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Bumgarner v. Nooth

United States District Court, D. Oregon

June 15, 2015

KEVIN MITCHELL BUMGARNER, Petitioner,
v.
MARK NOOTH, Respondent.

Jay W. Frank, Moule & Frank, Eugene, Oregon, Attorney for Petitioner.

Ellen F. Rosenblum, Attorney General, Frederick M. Boss, Assistant Attorney General Department of Justice, Salem, Oregon, Attorneys for Respondent.

OPINION AND ORDER

MICHAEL W. MOSMAN, District Judge.

Petitioner brings this habeas corpus case pursuant to 28 U.S.C. § 2254 challenging the legality of his state-court convictions for Sexual Abuse, Rape, Unlawful Sexual Penetration, Kidnapping, and Assault. Because the court finds petitioner's claims to be procedurally defaulted, the Petition for Writ of Habeas Corpus (#1) is denied.

BACKGROUND

On August 21, 2003, the Douglas County Grand Jury indicted petitioner on eleven sex crimes involving a four-year-old girl. A jury ultimately convicted petitioner of two counts each of Sexual Abuse in the First Degree, Rape in the First Degree, Unlawful Sexual Penetration with a Foreign Object in the First Degree, and Kidnapping in the First Degree. Trial Transcript, p. 1584. The jury also convicted petitioner of a single count of Assault in the Third Degree. Id. As a result, the trial court sentenced him to 730 months in prison. Trial Transcript, p. 1623.

Petitioner took a direct appeal, and the Oregon Court of Appeals initially remanded the case for resentencing on the basis that the trial court had erred by imposing consecutive sentences without the proper factual findings from the jury. Respondent's Exhibit 108. However, after the U.S. Supreme Court's decision in Oregon v. Ice, 129 S.Ct. 711 (2009) wherein it reaffirmed the authority of courts to impose consecutive sentences in the absence of specific findings by a jury, the Oregon Court of Appeals withdrew it's initial disposition and modified its decision to affirm petitioner's sentence. Respondent's Exhibit 114.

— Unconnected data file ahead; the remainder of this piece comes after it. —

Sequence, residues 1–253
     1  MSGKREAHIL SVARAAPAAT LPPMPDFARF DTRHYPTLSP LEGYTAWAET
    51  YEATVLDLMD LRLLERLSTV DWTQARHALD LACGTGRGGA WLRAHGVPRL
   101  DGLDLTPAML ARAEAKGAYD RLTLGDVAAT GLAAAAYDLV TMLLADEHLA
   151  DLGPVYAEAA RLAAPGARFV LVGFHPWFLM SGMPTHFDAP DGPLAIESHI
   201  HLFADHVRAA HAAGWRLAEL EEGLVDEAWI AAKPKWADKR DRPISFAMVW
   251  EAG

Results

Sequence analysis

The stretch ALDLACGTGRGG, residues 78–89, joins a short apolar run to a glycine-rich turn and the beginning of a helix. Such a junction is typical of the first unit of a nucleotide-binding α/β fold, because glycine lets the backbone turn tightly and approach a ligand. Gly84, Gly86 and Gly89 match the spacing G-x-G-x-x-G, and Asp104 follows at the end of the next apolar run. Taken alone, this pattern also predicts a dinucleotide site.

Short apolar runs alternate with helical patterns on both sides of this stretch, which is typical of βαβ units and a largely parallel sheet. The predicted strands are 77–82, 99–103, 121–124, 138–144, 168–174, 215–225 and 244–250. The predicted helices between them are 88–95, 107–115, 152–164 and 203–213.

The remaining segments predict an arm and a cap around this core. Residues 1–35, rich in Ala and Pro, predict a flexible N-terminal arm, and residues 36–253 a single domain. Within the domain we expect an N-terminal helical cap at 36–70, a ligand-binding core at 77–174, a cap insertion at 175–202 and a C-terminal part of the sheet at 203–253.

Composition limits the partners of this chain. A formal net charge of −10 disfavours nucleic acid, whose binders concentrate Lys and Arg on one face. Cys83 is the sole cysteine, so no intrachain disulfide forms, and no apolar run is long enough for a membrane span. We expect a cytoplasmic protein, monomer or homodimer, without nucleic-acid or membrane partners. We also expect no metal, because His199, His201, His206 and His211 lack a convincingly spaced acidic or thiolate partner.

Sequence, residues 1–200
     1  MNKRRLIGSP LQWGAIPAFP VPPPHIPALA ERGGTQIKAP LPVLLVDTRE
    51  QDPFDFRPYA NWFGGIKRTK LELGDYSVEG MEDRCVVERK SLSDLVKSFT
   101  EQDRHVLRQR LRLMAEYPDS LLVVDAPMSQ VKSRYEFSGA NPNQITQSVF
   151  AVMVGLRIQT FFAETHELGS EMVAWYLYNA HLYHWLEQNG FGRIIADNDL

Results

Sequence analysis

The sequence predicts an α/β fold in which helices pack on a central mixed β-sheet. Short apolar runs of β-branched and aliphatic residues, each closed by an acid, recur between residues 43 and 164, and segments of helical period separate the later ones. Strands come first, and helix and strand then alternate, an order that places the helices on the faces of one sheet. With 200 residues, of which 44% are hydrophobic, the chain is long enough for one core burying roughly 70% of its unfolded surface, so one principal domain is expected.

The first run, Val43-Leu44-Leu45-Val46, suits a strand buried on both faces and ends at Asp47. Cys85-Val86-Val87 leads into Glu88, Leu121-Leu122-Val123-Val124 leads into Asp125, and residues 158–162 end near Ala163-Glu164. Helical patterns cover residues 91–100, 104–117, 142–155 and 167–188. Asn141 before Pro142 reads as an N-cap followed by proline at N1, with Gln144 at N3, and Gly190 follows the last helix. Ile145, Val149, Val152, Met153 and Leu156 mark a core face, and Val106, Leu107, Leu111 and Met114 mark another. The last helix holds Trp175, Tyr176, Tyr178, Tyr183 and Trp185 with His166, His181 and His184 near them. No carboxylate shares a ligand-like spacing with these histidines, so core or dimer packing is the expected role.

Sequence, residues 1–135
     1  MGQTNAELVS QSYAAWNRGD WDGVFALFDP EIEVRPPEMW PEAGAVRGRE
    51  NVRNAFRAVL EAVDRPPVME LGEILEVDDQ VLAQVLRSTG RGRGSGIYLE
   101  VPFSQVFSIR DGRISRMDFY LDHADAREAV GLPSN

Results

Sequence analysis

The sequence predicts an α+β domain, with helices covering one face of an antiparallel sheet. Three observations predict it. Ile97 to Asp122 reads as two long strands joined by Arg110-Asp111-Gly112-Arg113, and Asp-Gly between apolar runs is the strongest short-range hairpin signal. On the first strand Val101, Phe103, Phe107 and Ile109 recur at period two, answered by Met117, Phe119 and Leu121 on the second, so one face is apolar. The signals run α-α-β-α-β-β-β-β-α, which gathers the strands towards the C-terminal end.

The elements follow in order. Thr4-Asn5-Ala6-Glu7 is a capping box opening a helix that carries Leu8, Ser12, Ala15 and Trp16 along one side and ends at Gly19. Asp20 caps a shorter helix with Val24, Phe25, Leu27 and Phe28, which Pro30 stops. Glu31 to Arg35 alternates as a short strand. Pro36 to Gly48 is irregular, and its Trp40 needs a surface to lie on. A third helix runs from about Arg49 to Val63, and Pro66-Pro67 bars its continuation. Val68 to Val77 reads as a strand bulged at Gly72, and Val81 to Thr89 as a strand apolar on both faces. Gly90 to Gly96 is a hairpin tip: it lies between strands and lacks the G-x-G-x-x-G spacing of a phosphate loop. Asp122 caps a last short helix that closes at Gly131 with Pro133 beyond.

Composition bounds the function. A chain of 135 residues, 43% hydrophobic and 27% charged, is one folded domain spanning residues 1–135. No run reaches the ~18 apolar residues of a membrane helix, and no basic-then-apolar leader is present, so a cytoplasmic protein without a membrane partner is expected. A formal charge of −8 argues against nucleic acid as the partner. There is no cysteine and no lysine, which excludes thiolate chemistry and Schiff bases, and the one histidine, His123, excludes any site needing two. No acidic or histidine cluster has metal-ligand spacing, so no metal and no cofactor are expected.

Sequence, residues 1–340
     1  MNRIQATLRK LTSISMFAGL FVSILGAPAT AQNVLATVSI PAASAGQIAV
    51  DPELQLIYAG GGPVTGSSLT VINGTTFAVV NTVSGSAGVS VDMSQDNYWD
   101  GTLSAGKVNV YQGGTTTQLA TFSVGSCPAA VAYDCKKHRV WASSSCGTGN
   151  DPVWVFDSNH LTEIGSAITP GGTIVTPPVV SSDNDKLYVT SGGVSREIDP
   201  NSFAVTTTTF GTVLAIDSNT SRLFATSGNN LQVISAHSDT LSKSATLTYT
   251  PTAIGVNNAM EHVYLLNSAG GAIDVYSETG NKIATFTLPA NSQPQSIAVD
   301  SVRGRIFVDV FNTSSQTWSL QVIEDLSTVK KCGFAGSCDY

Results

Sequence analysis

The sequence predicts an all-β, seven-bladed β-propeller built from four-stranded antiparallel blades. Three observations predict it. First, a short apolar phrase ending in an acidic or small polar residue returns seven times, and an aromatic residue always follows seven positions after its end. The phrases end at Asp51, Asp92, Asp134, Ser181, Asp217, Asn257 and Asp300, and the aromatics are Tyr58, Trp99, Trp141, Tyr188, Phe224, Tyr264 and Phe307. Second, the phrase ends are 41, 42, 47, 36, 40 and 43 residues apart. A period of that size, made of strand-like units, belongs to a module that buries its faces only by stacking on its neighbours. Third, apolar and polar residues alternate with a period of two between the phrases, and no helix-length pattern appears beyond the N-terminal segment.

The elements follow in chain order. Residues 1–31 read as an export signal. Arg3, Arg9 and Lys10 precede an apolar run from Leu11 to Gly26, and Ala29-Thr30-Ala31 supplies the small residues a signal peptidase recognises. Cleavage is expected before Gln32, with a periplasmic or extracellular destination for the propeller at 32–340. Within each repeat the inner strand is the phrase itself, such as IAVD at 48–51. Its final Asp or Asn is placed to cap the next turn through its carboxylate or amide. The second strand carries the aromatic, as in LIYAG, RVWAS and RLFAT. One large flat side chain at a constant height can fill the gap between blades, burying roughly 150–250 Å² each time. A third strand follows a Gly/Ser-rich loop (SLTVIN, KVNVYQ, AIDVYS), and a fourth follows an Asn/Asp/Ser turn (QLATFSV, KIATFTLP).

Petitioner next filed for post-conviction relief ("PCR") in Malheur County where the PCR trial court granted relief, finding that trial counsel should have argued for merger of petitioner's convictions. Respondent's Exhibit 141. The PCR trial court denied relief on the remainder of petitioner's convictions. Id. The Oregon Court of Appeals affirmed the PCR trial court's decision in a written opinion. Respondent's Exhibit 150. Neither party sought review by the Oregon Supreme Court.

It appears petitioner's case was then remanded for a resentencing proceeding that is not part of the record before this court. Respondent's Exhibit 141. Following that resentencing, on August 26, 2013, petitioner filed a Motion for New Trial on the basis that the leg brace he was required to wear during his 2003 trial prevented him from having a fair trial. Petition Exhibit 1-2, p. 24. The trial judge denied the motion, finding it to be untimely and not properly before the court. Id. at 1.

Petitioner filed this 28 U.S.C. § 2254 habeas corpus action on August 6, 2014. In his Petition, he presents the following grounds for relief:

1. Petitioner's physical restraint at his jury trial without prior evidence that would have permitted the trial court to find that petitioner posed an immediate or serious risk of committing dangerous or disruptive behavior, or that petitioner posed a serious risk of escape, and without any prior finding, violated petitioner's right to Due Process under the Fifth and Fourteenth Amendments to the Constitution of the United States.
2. Ineffective assistance of counsel by petitioner's attorneys at trial, on appeal, during post-conviction proceedings, and during proceedings on his motion for a new trial prevented petitioner from properly raising or exhausting the issue set out above as Ground One.

Petition (#1), pp. 8-11.

Respondent asks the court to deny relief on the Petition because: (1) petitioner failed to fairly present Grounds One and Two to the Oregon state courts, leaving them procedurally defaulted; (2) to the extent petitioner fairly presented his Ground One due process claim, the state court denied relief based upon an independent and adequate state procedural rule such that the claim is not eligible for federal review; and (3) Ground ...


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